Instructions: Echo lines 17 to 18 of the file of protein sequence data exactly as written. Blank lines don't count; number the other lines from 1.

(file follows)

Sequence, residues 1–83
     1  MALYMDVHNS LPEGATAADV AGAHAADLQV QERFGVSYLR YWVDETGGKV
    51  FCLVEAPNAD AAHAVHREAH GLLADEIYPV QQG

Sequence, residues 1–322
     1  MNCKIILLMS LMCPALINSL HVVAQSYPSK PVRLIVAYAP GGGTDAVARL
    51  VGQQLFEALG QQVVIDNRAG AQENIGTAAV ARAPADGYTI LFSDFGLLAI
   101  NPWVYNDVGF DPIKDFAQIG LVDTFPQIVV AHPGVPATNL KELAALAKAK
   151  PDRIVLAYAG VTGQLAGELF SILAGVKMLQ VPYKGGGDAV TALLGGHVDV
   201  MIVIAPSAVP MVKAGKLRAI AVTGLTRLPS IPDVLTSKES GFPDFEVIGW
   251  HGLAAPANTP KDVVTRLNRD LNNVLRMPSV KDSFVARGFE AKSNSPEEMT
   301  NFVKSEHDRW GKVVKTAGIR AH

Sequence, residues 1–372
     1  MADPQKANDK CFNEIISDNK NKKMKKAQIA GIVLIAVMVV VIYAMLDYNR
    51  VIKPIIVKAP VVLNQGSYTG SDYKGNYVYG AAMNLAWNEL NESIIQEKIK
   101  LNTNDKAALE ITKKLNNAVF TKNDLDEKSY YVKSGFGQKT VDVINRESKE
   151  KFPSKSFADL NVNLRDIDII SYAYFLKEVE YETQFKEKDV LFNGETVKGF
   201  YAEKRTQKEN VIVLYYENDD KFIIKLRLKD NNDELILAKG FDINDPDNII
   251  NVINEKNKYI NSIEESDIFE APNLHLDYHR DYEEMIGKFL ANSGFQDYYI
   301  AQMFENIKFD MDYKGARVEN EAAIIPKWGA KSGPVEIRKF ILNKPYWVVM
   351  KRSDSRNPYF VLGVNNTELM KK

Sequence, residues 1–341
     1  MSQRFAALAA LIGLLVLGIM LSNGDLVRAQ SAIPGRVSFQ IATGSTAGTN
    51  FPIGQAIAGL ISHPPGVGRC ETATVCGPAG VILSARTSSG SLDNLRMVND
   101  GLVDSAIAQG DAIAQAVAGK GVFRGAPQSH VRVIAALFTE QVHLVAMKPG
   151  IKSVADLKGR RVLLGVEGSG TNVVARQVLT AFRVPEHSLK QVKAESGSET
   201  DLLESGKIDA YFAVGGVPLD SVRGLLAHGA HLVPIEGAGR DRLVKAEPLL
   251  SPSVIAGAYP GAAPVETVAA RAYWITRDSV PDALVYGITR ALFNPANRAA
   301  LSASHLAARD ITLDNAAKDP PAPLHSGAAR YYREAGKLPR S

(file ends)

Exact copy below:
   201  YAEKRTQKEN VIVLYYENDD KFIIKLRLKD NNDELILAKG FDINDPDNII
   251  NVINEKNKYI NSIEESDIFE APNLHLDYHR DYEEMIGKFL ANSGFQDYYI